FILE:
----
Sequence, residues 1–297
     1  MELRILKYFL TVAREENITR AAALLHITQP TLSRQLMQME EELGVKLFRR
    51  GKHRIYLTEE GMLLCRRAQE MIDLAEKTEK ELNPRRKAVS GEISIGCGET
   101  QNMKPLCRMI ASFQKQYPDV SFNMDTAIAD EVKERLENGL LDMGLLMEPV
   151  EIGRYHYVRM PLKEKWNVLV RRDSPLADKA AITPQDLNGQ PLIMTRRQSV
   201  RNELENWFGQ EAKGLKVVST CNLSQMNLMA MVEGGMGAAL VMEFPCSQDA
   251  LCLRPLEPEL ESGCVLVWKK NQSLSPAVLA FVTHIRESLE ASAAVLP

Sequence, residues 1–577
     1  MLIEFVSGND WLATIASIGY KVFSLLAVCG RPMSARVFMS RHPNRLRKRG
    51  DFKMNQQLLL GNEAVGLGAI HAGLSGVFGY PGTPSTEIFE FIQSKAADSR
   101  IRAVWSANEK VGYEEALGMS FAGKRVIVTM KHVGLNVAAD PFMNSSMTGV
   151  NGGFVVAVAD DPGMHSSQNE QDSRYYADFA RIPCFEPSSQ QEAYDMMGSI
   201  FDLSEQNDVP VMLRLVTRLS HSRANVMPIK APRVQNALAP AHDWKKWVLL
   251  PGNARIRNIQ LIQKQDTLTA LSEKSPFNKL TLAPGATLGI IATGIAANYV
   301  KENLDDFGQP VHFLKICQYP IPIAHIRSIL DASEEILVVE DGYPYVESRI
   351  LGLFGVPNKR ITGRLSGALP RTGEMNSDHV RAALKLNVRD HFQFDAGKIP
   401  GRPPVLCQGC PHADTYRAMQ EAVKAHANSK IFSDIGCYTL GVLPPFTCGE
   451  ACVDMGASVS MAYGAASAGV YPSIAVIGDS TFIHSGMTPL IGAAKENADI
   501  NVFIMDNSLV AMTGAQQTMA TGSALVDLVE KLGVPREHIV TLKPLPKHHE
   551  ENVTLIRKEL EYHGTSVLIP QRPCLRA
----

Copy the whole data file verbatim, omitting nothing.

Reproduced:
Sequence, residues 1–297
     1  MELRILKYFL TVAREENITR AAALLHITQP TLSRQLMQME EELGVKLFRR
    51  GKHRIYLTEE GMLLCRRAQE MIDLAEKTEK ELNPRRKAVS GEISIGCGET
   101  QNMKPLCRMI ASFQKQYPDV SFNMDTAIAD EVKERLENGL LDMGLLMEPV
   151  EIGRYHYVRM PLKEKWNVLV RRDSPLADKA AITPQDLNGQ PLIMTRRQSV
   201  RNELENWFGQ EAKGLKVVST CNLSQMNLMA MVEGGMGAAL VMEFPCSQDA
   251  LCLRPLEPEL ESGCVLVWKK NQSLSPAVLA FVTHIRESLE ASAAVLP

Sequence, residues 1–577
     1  MLIEFVSGND WLATIASIGY KVFSLLAVCG RPMSARVFMS RHPNRLRKRG
    51  DFKMNQQLLL GNEAVGLGAI HAGLSGVFGY PGTPSTEIFE FIQSKAADSR
   101  IRAVWSANEK VGYEEALGMS FAGKRVIVTM KHVGLNVAAD PFMNSSMTGV
   151  NGGFVVAVAD DPGMHSSQNE QDSRYYADFA RIPCFEPSSQ QEAYDMMGSI
   201  FDLSEQNDVP VMLRLVTRLS HSRANVMPIK APRVQNALAP AHDWKKWVLL
   251  PGNARIRNIQ LIQKQDTLTA LSEKSPFNKL TLAPGATLGI IATGIAANYV
   301  KENLDDFGQP VHFLKICQYP IPIAHIRSIL DASEEILVVE DGYPYVESRI
   351  LGLFGVPNKR ITGRLSGALP RTGEMNSDHV RAALKLNVRD HFQFDAGKIP
   401  GRPPVLCQGC PHADTYRAMQ EAVKAHANSK IFSDIGCYTL GVLPPFTCGE
   451  ACVDMGASVS MAYGAASAGV YPSIAVIGDS TFIHSGMTPL IGAAKENADI
   501  NVFIMDNSLV AMTGAQQTMA TGSALVDLVE KLGVPREHIV TLKPLPKHHE
   551  ENVTLIRKEL EYHGTSVLIP QRPCLRA